Credit Suisse bankers charged in $2 billion fraud

Three bankers are arrested in a bribery scheme.

Credit Suisse Source: Bloomberg

Credit Suisse is embroiled in scandal after the US-led London arrest of three bankers in a $2 billion bribery and kickback scheme. The employees were arrested on money laundering and securities fraud.

How tuna fishing led to fraud

The case started in 2011 in the southern African country of Mozambique. Jean Boustani, a shipbuilding executive, suggested that Mozambique contract with his Privinvest company to manufacture monitors for tuna fishing boats in the nation’s rivers.

Boustani bribed Mozambican officials to get his phony projects approved. Credit Suisse bankers Andrew Pearse, Surjan Singh, and Detelina Subeva agreed to arrange $2 billion in loans to Mozambique to fund the venture. They conspired with Boustani to arrange capital for the surveillance system and sell the debts to international investors. Instead of using the money for Mozambican fishers, the bankers kept the money for themselves. The US indictment details how the Credit Suisse employees used fraudulent means to enrich themselves.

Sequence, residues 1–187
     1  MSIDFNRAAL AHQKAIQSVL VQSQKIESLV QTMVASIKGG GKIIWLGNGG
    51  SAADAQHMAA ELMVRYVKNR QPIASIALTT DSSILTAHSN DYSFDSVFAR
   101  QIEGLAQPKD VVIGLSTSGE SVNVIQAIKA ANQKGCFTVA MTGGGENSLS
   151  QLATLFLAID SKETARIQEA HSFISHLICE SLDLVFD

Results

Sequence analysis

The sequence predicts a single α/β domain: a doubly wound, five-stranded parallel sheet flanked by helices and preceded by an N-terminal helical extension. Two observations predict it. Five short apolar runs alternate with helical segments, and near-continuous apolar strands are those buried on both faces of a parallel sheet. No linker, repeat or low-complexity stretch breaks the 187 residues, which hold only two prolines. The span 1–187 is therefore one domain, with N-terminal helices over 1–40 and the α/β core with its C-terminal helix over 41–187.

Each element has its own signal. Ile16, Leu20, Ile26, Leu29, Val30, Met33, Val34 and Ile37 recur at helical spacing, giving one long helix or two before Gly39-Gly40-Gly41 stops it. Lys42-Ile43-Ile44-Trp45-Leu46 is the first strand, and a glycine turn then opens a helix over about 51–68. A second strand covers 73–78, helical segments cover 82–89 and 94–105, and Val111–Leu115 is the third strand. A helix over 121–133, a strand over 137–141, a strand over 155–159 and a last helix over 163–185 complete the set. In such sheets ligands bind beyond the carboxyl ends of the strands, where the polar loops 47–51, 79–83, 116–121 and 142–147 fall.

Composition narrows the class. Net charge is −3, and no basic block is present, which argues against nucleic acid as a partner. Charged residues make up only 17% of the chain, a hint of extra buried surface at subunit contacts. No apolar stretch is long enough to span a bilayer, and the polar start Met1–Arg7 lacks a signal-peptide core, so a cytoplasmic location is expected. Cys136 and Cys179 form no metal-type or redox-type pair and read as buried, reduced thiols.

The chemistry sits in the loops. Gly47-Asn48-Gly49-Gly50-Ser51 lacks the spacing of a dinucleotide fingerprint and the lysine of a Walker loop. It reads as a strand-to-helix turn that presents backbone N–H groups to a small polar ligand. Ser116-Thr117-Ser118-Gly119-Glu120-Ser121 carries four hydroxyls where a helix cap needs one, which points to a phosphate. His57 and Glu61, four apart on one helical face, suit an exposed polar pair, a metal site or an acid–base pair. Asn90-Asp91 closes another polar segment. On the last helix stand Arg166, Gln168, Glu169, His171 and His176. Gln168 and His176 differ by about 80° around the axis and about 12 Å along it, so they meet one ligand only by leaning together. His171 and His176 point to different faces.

‘The defendants created the maritime project as fronts to enrich themselves and intentionally diverted portions of the loan proceeds to pay at least $200 million in bribes and kickbacks to themselves, Mozambican government officials and others,’ noted the indictment.

Fraud leads to debt in Mozambique

Mozambique’s finance minister, Manuel Chang, created a secret fund to loan money without telling the International Monetary Fund (IMF). The country is required to tell the IMF about crediting money because the agency provides so much financial aid to Mozambique. As a result of the fraud, Chang was arrested and the IMF reduced assistance to the African nation. Once the scandal was uncovered, the economically disadvantaged country plunged into a debt crisis and is still trying to recover.

Credit Suisse responds

The bank has responded to the arrests with remorse and will cooperate with authorities.

‘The indictment alleges that the former employees worked to defeat the bank's internal controls, acted out of a motive of personal profit, and sought to hide these activities from the bank,’ noted Credit Suisse in an email.

Advocates of debt cancellation policies for developing nations cheered the news of the arrests. Tim Jones, policy officer for Jubilee Debt Campaign, also criticised UK authorities for not taking action against Credit Suisse.

'It is scandalous that it has required action from the US authorities for this investigation and arrests to be made in London', said Jones.


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